On the other hand, Tejas uses two BVRs, I-DERBY ER and ASTRA MK1 both having fire and forget capabilities and a range of 100 km. Due to higher radar cross-section of JF-17 it is likely that TEJAS will hit a JF-17 first.
JF-17 also integrated with Chinese Anti Ship Missile C-802. So it can perform Naval strike mission. Which Tejas cannot do at present.
If the BRAHMOS NG missile is successfully integrated, it is clear that the Tejas will have superior strength to its Pakistan counterparts. On the other hand, there is also an opinion that the JF-17 can avoid aerial combat with Tejas simply by flying higher than Tejas.
The price will determine the commercial success of each fighter
The unit price of the JF-17 is estimated at about 25 million dollars for the block 2 version. The trainer version is about 28 million dollars. Tejas MK-1 costs about $ 25 million. That means both planes are cheap. But the maintenance costs and production capacity of each side will be problematic.
Since most of the JF-17’s hardware originated from China, it is likely that it will be even cheaper if the production volume is large enough. The maintenance cost of the JF-17 will also be cheaper than that of Tejas.
Because the western avionics system is not only superior, the procurement and maintenance costs are also much higher than from China. Political ties will make it more difficult for Tejas to export. China’s accompanying weapons are also much cheaper.
The JF-17 has the advantage of operating hours
Currently, there are about 132 JF-17s in service of three countries, mainly Pakistan, the other two countries Myanmar and Nigerian. Meanwhile, due to taking too long to develop, Tejas has only produced 33 aircraft, and is serving only the Indian Air Force. Clearly, the JF-17 is winning commercially.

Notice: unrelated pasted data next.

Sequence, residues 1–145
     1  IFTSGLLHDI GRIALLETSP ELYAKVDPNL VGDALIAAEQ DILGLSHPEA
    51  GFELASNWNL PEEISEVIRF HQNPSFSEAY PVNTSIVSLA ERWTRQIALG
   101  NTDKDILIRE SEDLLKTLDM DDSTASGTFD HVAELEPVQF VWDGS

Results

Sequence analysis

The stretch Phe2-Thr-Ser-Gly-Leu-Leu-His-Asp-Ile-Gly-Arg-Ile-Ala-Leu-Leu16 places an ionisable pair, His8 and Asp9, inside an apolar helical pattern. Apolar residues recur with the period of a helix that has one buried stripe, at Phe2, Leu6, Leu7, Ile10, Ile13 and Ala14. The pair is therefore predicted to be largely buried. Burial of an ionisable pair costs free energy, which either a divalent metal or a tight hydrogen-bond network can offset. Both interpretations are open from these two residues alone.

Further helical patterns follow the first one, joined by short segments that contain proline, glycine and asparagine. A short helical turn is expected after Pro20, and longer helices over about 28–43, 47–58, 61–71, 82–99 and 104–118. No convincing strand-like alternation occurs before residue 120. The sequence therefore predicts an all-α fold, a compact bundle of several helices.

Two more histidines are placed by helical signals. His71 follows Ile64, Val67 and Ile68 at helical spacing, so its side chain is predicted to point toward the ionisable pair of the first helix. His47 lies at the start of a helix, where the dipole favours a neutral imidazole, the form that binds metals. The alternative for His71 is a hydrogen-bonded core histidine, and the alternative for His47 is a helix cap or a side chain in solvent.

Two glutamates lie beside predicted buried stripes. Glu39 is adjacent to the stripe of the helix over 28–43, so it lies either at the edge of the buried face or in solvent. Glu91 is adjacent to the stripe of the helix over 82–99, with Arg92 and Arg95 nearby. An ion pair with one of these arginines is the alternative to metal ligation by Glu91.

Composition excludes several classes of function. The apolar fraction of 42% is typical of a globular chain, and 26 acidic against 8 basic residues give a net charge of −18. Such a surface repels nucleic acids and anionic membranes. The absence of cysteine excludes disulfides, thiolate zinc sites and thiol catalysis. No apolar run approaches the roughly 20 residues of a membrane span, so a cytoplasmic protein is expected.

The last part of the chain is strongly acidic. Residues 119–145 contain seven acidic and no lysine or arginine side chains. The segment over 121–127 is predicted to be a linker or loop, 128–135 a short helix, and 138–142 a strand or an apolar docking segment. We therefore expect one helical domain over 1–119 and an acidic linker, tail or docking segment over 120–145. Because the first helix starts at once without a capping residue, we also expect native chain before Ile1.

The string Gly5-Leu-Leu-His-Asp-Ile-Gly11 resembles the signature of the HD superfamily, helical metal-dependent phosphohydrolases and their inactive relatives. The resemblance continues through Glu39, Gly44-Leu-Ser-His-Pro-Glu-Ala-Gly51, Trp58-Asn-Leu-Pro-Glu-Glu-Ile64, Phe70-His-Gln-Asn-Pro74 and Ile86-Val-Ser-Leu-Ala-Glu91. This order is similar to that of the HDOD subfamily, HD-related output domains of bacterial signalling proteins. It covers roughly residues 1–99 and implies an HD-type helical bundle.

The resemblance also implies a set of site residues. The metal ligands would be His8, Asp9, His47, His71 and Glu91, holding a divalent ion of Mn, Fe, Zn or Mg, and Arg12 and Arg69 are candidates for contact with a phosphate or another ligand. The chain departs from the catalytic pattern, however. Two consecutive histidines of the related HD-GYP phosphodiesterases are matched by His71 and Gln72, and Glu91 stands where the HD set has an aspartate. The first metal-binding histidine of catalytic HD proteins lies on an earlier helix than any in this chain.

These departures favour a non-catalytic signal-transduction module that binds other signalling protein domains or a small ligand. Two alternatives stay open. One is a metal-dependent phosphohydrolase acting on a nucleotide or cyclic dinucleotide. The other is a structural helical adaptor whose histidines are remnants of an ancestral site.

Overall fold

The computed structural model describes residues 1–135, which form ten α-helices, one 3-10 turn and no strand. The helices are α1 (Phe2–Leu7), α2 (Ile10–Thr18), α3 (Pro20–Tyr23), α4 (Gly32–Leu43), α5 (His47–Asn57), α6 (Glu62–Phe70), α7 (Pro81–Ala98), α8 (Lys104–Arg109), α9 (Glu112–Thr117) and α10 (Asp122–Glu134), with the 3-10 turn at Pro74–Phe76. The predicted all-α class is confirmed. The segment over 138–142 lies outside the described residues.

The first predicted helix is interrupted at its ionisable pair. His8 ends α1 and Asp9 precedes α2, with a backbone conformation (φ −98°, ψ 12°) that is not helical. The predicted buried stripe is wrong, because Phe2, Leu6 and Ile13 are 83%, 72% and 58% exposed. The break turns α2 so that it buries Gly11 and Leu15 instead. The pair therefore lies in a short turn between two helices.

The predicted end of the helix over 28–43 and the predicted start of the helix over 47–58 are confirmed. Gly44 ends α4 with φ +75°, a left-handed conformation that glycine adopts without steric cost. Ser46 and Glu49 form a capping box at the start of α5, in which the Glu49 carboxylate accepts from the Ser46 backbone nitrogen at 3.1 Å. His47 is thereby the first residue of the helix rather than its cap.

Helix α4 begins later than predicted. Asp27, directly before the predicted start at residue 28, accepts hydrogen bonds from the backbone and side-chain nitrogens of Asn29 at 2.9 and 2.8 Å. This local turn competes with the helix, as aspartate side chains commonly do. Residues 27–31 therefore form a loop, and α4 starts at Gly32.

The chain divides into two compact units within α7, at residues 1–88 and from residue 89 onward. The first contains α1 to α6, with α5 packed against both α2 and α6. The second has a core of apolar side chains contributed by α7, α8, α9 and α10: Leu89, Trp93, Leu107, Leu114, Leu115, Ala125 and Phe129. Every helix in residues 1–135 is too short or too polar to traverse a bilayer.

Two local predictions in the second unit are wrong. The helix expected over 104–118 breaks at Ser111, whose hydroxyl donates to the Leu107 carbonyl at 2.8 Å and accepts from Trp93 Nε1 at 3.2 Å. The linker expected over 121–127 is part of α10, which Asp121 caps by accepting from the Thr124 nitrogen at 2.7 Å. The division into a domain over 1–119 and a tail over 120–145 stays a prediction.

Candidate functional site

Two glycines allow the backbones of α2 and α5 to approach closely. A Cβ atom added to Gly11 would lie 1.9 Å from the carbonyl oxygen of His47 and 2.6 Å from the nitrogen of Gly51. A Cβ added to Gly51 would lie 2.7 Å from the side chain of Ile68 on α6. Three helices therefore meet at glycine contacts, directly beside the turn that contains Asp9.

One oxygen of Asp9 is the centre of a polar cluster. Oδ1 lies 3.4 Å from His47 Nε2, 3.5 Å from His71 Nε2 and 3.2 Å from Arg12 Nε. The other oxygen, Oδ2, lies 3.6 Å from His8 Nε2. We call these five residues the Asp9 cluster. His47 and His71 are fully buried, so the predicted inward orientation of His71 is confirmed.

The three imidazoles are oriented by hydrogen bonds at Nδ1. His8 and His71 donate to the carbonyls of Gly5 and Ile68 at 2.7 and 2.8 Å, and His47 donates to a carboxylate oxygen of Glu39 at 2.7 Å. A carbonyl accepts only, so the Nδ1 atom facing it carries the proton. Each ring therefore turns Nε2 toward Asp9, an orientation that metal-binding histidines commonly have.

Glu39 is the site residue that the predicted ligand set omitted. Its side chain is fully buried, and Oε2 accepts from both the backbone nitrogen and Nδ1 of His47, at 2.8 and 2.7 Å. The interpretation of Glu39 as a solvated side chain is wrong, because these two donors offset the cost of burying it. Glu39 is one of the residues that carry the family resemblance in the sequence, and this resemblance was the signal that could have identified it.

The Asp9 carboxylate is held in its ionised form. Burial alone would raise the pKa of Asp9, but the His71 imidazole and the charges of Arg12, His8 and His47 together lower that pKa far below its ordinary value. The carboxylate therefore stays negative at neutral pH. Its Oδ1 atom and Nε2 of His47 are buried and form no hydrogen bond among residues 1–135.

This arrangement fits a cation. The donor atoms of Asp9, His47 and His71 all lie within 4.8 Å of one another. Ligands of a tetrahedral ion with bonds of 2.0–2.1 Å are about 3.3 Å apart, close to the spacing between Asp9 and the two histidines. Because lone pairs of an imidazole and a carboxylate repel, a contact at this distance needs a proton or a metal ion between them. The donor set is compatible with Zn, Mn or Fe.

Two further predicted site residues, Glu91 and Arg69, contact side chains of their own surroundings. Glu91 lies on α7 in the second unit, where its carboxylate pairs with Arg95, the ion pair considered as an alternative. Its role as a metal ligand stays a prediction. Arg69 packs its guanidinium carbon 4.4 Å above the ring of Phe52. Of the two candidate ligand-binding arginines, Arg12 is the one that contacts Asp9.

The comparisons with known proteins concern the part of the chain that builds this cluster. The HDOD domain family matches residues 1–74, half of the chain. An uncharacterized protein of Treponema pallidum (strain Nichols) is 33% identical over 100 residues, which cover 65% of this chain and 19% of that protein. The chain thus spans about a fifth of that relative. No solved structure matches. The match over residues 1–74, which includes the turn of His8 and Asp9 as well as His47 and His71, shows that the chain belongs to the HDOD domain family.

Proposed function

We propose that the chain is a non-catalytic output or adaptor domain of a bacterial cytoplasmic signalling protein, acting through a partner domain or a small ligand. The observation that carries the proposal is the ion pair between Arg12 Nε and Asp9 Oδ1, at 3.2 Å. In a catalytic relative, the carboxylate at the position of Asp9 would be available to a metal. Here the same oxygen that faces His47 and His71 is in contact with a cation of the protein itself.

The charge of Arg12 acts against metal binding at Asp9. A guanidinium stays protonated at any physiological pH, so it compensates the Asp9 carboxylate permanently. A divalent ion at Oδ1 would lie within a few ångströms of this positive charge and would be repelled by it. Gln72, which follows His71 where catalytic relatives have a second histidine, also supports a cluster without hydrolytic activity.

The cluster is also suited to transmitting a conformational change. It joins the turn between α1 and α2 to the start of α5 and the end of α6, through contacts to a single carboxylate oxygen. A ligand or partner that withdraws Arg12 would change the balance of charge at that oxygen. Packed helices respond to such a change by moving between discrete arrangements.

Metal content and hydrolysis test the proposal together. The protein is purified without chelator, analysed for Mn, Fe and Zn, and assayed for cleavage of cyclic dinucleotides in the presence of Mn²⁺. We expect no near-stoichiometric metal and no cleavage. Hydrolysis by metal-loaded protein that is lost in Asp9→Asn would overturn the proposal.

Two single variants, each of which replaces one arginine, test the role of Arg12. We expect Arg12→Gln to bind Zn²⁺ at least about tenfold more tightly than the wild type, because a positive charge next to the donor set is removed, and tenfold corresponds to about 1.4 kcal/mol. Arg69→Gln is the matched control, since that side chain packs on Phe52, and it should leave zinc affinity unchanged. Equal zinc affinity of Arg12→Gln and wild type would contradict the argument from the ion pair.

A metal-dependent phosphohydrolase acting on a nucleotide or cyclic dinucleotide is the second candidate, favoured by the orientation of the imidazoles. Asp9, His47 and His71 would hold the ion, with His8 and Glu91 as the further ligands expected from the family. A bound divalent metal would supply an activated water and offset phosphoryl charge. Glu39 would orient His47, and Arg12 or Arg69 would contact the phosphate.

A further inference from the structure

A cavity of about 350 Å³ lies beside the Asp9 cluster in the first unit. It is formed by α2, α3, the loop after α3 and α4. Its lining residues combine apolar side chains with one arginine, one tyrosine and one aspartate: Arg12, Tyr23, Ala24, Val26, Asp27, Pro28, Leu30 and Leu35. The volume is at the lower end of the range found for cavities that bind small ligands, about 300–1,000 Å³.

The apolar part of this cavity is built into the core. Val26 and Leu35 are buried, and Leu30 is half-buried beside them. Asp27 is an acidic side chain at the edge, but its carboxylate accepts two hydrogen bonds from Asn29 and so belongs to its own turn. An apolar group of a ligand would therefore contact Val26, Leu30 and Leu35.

Another JF-17 victory over Tejas is experience. The JF-17 entered service in 2008 and operational from 2011. Therefore, its operating hours are much much higher than Tejas.
Victory will belong to the elite pilots
These two fighters haven’t had a chance to go head-to-head in a real fight, so it’s hard to be sure which side will be the winner. In addition to technical factors, the ability of those who use them determines the victory of each side.
In my opinion, Tejas is technically slightly better than the JF-17, as it is using Western platforms which are supposed to be better than from China. But the JF-17 also has its advantages, it is a promising platform for countries with limited defense budgets. Commercially, the JF-17 is the undisputed winner.